Passive indexing has long been popular among the smaller investors. But wealthy investors often pursue more active strategies, either with active managers or on their own. After all, they didn’t accumulate their wealth by sitting back and doing what everyone else does, right?
But the evidence against active management is strong, with the most managers failing to beat the index over time. So why do wealthy investors tend to shun a passive approach to managing their money?
It’s a foregone conclusion in the markets that the Federal Reserve will raise short term interest rates on Wednesday. But more importantly, investors will be looking for hints for future rate increases.
Why is this so important? The consensus view is for 2-3 Fed increases this year, but anchoring into this expectation comes with risks. For example, in 1994 the Fed surprised investors by increasing rates 6 times, resulting in a 3% loss for bonds that year. Of course, bonds recovered in following years, thanks largely to the long-term trend of falling interest rates since 1981.
For the fourth year in a row Janiczek Wealth Management has been named to Barron’s Top Financial Advisor list*, now for 2017, 2016, 2015 and 2014!
Mr. Janiczek was named one of America’s top financial advisors* in the March 4th, 2017 Barron’s issue. The prestigious list of top investment advisors was also published in The Wall Street Journal by Dow Jones & Company, a division of News Corp on March 9, 2017.
The rankings are based on data provided by over 4,000 of the nation’s most productive advisors. Barron’s draws from all 50 states, plus the District of Columbia. It includes a cross-section of private-wealth advisors—from independents who own and operate their own practices to advisors from the large Wall Street firms. Barron’s states, “This special report lists the top advisors in each state, with the number of ranking spots determined by each state’s population and wealth.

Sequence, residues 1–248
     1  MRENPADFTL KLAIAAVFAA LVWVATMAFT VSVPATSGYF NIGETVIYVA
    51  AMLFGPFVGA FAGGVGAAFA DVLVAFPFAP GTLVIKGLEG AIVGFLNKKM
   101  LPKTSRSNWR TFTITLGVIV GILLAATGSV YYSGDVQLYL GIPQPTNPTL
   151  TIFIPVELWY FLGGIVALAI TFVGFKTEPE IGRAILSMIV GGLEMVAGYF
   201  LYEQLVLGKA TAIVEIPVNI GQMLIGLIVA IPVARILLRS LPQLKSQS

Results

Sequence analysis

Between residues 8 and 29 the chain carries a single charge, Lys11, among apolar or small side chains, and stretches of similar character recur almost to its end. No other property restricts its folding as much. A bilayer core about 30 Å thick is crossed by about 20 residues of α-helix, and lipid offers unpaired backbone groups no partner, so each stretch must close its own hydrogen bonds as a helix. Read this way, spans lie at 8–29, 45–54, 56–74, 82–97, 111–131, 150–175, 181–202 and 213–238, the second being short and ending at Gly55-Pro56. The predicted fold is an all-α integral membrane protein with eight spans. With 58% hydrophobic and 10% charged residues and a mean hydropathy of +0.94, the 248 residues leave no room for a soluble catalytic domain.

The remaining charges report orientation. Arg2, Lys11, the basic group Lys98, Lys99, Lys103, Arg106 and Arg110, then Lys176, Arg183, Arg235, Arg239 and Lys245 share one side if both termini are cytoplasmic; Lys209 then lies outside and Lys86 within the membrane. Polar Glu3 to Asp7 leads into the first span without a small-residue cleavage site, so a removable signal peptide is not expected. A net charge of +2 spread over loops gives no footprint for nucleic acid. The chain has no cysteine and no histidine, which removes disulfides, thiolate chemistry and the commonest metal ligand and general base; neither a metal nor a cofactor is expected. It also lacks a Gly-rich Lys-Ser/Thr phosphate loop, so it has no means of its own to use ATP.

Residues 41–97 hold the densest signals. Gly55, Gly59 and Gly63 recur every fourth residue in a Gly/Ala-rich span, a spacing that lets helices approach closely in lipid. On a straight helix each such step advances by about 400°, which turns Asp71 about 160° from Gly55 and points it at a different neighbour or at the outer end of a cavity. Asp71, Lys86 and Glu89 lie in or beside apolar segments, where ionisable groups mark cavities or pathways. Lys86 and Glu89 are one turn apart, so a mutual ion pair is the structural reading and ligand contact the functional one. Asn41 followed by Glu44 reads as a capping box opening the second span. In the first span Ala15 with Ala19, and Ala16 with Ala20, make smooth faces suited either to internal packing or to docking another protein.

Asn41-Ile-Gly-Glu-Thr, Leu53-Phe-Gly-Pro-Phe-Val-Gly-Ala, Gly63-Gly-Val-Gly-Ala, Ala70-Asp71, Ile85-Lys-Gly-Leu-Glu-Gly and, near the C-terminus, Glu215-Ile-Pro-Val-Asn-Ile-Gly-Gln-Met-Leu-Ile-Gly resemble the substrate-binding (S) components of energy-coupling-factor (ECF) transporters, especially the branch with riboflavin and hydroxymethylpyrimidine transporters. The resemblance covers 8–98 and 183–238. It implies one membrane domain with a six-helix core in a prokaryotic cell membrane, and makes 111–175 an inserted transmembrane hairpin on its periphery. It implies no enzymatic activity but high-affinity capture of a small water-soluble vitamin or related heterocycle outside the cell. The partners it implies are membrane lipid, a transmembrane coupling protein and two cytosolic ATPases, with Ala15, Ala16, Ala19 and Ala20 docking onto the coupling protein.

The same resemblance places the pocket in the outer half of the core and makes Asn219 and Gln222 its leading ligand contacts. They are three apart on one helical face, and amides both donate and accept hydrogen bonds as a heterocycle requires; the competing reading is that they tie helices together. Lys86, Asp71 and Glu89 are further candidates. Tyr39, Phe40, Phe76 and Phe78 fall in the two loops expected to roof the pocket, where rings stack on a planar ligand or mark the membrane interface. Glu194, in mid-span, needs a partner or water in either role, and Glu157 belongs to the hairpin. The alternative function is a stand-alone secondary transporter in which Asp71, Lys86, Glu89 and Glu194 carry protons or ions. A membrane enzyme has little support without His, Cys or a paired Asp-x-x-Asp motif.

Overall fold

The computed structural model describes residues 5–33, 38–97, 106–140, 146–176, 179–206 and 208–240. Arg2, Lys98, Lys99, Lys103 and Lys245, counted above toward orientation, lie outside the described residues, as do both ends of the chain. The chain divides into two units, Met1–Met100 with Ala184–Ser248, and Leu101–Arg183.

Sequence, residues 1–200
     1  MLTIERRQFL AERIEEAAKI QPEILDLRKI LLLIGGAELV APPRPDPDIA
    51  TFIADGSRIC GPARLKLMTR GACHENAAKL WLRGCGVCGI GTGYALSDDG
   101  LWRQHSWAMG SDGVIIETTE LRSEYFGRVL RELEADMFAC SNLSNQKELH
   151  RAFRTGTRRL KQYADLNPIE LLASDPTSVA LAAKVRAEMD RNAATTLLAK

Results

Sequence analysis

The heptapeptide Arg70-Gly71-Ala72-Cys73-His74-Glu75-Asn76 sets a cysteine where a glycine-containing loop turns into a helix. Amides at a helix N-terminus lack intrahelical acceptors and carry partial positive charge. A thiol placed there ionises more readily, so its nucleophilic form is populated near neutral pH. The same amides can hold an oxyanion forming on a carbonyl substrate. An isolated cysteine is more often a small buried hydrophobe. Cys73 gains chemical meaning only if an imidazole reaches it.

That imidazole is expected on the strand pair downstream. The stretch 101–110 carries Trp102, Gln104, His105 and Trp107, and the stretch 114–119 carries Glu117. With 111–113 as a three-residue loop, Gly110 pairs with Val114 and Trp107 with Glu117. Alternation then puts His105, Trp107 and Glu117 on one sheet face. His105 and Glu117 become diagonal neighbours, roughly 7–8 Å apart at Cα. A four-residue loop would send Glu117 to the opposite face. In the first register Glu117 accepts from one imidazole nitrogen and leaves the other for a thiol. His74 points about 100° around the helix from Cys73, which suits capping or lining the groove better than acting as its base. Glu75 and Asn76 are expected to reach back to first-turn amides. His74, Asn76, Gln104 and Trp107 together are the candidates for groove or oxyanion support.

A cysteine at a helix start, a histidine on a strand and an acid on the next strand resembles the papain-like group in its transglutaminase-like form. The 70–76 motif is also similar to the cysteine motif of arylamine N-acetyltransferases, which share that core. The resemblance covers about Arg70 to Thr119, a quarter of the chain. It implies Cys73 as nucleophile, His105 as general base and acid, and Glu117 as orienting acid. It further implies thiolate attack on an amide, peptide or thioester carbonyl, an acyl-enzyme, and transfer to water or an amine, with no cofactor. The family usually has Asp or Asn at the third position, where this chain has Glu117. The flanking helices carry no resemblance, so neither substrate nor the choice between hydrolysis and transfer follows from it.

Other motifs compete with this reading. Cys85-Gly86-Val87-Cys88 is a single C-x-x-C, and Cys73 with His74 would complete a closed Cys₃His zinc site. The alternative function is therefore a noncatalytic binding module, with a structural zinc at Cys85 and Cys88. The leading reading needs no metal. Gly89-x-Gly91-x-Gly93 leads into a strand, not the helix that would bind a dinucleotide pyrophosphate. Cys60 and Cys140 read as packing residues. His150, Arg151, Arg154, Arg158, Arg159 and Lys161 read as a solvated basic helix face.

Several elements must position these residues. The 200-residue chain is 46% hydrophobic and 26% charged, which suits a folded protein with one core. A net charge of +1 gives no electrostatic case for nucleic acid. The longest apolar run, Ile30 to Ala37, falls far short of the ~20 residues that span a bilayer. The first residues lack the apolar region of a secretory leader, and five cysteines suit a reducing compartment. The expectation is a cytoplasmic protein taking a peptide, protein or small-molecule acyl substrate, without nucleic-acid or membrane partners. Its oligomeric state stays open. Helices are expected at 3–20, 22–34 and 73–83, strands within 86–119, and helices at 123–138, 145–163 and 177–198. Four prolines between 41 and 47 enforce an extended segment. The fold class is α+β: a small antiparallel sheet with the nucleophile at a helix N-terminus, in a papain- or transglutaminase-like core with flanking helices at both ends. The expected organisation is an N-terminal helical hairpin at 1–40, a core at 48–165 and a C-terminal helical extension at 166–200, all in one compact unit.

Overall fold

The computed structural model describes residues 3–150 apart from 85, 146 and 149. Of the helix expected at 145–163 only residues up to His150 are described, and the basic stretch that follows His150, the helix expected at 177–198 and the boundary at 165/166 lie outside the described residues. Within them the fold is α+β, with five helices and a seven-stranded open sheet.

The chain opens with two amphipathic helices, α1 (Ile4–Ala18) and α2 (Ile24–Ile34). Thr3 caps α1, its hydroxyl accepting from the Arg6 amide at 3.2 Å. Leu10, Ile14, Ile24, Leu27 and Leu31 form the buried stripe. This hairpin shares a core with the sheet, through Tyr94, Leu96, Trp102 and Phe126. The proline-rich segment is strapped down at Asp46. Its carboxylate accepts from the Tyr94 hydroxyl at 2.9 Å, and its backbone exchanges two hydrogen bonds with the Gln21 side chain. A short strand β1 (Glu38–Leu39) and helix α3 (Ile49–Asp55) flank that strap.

The rankings are based on assets under management, revenues generated by advisors for their firms, and the quality of the advisors’ practices. In evaluating advisors, we examine regulatory records, internal company documents, and 100-plus points of data provided by the advisors themselves.”
Berkshire Hathaway’s Warren Buffett released his annual letter to shareholders last Saturday, a publication that is examined and dissected by investors around the world. And this year’s edition underscores why.
Before its release, the S&P 500 closed at its all-time high (again), continuing its rally that began in November. In fact, in the first 38 trading days of 2016, the S&P 500 has posted a new high 11 times. The Dow Jones Industrial Average and Russell 2000 Index have printed new highs 14 and 3 times in 2016, respectively.
Even the greenest of investors is likely aware that stocks move in both directions, and that periods of upswings have historically been followed by downturns. The Holy Grail, of course, is how to invest through all the ups and downs, and Buffett offers his view:
Now in its 27th year serving high net worth investors (those with investment portfolios of $2 million to $20 million) and ultra-high net worth investors (those with investment portfolios of $20 million+) in Denver, Colorado Springs, Boulder, Aspen, Vail, Beaver Creek, Summit County, Snowmass areas of Colorado and in approximately 24 other States in U.S.A., we are proud our Evidence Based Investing (EBI) and patented Strength Based Wealth Management® (SBWM) system and services helps to “unleash” our clients from the complexities of wealth so they can flourish with their good fortune.